information and ideas through any media and regardless of frontiers."=20

    CPJ also remains concerned about the condition of Cuban journalists who have
    faced systematic persecution and harassment in the months preceding the
    Pope's visit. Among the more serious violations that have come to our
    attention are the following:

  • Bernardo Ar=E9valo Padr=F3n, correspondent with L=EDnea Sur 3 news=
    agency in
    Cienfuegos, was sentenced to six years in prison on October 31 for "lack of
    respect" of Fidel Castro and Carlos Lage, a member of the Cuban State
    Council. The conviction stems from a story Ar=E9valo published in which he
    revealed how a helicopter transported meat from a farm in the town of
    Aguada de Pasajeros to Havana, while the inhabitants there went hungry.
    Ar=E9valo is one of two Cuban journalists who have been jailed for=
    their profession. Journalist Lorenzo P=E1ez Nu=F1ez, from the Buro de Prensa
    Independiente de Cuba, was convicted of defamation on July 12 after a
    one-day trial for a story he published about police misconduct in Pinar del
    R=EDo. P=E1ez Nu=F1ez is serving an 18-month sentence.


  • According to CPJ's sources in Cuba, journalist Jorge Luis Arce Cabrera,=
    the Buro de Prensa Independiente de Cuba in Havana, faces imminent arrest
    because of his independent reporting. Since 1994, when Arce began his work
    as a journalist, he has been detained 23 times, and beaten three times. On
    October 23, a retired employee of the Ministry of the Interior assaulted
    Arce outside his home. The same man again attacked Arce as he was walking on
    a Cienfuegos street with his wife on the morning of October 29, hitting the
    journalist in the head with a stick. After the attack, Arce were arrested by
    the National Revolutionary Police (PNR) and was told he would be charged
    with both the October 23 and 29 assaults. On October 31, Arce was summoned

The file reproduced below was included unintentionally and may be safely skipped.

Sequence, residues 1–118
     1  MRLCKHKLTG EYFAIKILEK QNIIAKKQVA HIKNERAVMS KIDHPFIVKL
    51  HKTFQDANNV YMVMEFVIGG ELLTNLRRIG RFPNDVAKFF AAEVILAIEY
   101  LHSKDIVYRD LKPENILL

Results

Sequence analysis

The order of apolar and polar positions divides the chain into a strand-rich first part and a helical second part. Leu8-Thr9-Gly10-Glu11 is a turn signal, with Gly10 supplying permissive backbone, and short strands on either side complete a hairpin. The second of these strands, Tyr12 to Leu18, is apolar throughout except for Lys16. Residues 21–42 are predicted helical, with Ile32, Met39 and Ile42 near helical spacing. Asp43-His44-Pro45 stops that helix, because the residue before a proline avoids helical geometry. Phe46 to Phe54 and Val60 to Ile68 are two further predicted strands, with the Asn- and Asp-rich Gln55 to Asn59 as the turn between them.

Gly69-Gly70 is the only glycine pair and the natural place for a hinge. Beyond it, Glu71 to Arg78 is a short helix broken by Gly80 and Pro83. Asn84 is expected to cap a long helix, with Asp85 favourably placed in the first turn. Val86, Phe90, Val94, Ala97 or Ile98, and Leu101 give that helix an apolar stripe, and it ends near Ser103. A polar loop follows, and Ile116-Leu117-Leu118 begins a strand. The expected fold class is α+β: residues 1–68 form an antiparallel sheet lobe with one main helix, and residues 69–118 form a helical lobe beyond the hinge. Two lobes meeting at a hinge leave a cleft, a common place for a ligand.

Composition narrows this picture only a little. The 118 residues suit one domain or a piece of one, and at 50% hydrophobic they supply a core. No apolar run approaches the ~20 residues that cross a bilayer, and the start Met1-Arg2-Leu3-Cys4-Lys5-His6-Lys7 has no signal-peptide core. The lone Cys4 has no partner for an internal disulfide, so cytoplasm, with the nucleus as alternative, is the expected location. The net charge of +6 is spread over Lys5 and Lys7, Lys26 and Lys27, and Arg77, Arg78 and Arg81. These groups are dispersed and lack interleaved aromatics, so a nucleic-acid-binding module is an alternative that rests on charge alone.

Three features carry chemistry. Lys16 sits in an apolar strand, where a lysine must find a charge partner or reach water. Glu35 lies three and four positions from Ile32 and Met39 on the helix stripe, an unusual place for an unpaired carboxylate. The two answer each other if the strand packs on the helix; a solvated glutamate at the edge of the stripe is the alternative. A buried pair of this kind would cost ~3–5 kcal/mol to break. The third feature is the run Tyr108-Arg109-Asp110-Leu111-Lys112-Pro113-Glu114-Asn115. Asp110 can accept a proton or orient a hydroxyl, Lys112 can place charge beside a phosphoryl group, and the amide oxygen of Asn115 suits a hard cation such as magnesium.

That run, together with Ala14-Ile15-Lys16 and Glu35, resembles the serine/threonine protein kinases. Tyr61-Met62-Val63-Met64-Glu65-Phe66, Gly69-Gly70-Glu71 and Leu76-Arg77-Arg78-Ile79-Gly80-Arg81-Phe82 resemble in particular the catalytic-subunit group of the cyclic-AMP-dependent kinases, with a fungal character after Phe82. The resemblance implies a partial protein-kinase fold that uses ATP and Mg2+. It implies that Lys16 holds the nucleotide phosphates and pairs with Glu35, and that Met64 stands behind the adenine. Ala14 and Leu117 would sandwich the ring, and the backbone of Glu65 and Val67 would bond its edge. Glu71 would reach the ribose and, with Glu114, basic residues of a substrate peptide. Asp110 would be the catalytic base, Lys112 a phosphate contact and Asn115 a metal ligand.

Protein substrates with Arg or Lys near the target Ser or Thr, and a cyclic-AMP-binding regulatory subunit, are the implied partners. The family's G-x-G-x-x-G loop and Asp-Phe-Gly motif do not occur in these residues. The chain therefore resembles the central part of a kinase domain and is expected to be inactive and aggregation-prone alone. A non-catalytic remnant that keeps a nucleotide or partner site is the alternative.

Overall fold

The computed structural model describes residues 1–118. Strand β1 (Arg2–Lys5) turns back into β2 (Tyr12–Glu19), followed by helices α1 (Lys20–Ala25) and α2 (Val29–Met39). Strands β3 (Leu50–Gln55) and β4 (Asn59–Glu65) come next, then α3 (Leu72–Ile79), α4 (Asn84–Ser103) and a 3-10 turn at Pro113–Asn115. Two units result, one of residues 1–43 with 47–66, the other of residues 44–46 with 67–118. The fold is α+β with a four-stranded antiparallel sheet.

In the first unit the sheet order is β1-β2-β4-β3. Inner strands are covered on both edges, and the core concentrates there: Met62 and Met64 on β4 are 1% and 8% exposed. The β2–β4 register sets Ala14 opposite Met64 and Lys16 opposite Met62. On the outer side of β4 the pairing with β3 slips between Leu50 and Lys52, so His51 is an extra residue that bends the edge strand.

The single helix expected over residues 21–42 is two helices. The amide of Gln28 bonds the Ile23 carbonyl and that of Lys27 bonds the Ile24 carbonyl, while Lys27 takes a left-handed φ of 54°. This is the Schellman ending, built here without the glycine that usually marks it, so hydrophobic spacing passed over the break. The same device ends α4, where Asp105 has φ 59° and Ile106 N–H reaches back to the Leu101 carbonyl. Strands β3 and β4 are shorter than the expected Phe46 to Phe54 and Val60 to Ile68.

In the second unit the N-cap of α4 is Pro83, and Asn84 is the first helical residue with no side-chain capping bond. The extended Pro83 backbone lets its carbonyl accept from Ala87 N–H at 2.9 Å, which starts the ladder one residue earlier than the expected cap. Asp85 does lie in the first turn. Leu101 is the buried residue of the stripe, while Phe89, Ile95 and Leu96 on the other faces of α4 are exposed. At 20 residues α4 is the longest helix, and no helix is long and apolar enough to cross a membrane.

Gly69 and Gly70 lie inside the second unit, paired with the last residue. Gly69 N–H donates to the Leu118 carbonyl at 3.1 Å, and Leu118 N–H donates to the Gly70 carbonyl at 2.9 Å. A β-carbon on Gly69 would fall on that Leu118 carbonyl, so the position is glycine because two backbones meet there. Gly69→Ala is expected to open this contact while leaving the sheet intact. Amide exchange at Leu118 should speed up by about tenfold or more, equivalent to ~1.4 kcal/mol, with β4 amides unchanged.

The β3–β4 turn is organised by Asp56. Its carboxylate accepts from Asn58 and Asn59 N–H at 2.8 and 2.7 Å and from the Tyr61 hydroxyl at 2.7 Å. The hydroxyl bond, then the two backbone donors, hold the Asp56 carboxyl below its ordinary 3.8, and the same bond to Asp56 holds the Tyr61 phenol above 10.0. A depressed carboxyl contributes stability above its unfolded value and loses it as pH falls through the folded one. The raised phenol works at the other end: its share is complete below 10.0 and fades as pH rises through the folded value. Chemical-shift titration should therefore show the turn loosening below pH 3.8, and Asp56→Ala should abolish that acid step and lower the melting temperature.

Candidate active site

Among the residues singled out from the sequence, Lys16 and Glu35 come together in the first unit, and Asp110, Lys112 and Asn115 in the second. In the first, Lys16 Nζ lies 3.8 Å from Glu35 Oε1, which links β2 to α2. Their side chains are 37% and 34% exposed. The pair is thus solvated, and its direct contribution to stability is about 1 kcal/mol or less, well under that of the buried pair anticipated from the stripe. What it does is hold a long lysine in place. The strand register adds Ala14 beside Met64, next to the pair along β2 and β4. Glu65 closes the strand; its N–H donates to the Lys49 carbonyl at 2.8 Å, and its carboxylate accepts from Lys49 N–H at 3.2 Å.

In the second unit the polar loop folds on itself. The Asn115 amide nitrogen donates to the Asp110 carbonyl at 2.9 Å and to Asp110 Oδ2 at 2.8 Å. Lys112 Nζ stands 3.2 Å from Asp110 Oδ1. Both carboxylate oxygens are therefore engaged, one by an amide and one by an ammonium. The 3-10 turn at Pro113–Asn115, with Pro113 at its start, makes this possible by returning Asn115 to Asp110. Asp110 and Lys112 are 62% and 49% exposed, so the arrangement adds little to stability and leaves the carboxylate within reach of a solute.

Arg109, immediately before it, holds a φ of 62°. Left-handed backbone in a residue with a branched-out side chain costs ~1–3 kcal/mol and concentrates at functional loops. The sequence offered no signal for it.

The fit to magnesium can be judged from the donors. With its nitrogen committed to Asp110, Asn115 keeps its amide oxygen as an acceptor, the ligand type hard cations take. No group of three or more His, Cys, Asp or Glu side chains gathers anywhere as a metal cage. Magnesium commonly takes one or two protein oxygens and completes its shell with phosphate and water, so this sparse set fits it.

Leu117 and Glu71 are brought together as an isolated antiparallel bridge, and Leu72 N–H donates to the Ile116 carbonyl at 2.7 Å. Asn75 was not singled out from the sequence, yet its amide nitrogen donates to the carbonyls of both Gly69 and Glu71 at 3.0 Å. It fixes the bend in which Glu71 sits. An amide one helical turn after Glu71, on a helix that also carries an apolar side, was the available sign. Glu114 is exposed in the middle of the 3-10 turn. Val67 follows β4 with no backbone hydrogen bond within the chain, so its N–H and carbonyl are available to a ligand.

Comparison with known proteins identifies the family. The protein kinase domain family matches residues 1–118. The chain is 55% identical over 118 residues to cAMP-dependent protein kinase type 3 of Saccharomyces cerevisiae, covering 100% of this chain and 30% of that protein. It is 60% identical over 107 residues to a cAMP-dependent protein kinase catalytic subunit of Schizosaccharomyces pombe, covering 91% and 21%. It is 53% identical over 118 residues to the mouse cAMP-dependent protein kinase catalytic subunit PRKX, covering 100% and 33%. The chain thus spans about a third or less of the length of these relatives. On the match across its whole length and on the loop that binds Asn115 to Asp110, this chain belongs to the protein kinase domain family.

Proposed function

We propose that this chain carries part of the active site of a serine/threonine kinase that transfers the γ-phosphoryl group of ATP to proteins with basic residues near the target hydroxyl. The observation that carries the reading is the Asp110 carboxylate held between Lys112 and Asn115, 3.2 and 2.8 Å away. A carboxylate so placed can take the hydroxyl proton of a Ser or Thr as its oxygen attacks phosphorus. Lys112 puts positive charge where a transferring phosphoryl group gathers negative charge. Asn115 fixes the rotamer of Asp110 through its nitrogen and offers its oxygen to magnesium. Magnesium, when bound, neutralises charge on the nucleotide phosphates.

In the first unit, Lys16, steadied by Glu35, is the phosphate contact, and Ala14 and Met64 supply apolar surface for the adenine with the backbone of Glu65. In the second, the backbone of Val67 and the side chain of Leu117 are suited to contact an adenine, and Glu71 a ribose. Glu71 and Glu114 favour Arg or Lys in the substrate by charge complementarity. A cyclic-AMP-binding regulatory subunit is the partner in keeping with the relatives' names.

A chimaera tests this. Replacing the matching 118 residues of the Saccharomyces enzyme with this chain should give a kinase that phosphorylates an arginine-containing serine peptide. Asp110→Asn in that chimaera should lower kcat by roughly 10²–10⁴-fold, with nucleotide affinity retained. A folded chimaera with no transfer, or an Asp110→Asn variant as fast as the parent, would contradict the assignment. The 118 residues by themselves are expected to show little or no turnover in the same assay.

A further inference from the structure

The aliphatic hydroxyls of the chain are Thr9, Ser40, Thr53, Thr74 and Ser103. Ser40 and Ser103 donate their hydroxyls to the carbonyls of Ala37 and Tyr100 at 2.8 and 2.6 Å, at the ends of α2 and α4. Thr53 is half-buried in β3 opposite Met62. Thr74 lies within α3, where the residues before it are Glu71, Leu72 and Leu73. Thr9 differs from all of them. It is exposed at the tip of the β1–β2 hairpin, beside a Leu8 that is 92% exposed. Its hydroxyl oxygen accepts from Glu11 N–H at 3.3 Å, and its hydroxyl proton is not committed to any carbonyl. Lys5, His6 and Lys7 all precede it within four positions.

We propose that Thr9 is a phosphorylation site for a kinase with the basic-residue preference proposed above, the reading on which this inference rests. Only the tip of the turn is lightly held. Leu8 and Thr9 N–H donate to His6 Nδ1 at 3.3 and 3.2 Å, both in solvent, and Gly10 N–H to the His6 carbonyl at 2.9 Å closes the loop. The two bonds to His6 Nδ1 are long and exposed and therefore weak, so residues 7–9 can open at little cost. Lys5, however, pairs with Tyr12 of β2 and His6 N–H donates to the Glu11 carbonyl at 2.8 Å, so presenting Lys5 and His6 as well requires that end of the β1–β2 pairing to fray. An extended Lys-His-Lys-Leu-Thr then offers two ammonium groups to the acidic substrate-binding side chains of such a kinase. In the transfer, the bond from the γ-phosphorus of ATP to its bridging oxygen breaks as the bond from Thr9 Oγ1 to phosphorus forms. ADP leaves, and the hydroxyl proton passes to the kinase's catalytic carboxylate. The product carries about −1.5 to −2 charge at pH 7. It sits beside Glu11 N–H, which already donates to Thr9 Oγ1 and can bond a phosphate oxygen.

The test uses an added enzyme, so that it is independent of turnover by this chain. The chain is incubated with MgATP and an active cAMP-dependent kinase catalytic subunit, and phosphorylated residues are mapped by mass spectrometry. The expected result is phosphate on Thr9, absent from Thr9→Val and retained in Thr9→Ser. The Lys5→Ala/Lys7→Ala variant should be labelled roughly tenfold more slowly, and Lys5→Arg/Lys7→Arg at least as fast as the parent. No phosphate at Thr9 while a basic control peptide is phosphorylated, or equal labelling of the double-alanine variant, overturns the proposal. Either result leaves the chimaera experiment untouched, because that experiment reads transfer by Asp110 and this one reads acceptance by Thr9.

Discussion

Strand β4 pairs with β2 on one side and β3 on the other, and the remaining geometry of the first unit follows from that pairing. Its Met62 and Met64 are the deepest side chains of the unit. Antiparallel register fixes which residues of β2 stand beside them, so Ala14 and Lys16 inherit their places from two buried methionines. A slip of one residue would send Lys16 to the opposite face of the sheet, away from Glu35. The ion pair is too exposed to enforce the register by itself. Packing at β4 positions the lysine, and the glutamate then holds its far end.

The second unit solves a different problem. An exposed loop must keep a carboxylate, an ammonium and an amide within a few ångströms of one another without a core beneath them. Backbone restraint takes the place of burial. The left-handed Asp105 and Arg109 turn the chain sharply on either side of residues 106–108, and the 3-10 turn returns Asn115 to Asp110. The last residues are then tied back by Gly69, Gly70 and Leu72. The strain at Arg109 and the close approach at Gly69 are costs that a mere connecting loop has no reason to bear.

to the provincial headquarters of State Security where he was detained for
    three days. Last week Arce was fined 250 pesos by the PNR.

    As an organization of journalists dedicated to the defense of our colleagues
    around the world, we ask that you take measures to ensure that both Cuban
    and non-Cuban journalists are free to cover the Pope's visit to Cuba, an
    event of overwhelming international interest.=20

    In your January 12 speech you noted that the work of journalists in Cuba
    will be closely monitored by your government. "We will observe how they do
    their work, with what level of objectivity, and if they publish any detail
    unfavorable to the revolution," you said.=20

    Your government will also be closely observed during this international
    event. We call on you therefore to halt the practice of denying visas to
    journalists who have written critical stories about Cuba and also to end the
    government persecution of independent journalists, beginning with the
    release of those who have been wrongly jailed for practicing their=


    William A. Orme, Jr.

    Executive Director

  • Source

    Committee to Protect Journalists
    330 7th Ave., 11th Floor
    New York, NY 10001
    info (@) cpj.org
    Fax:+1 212 4659568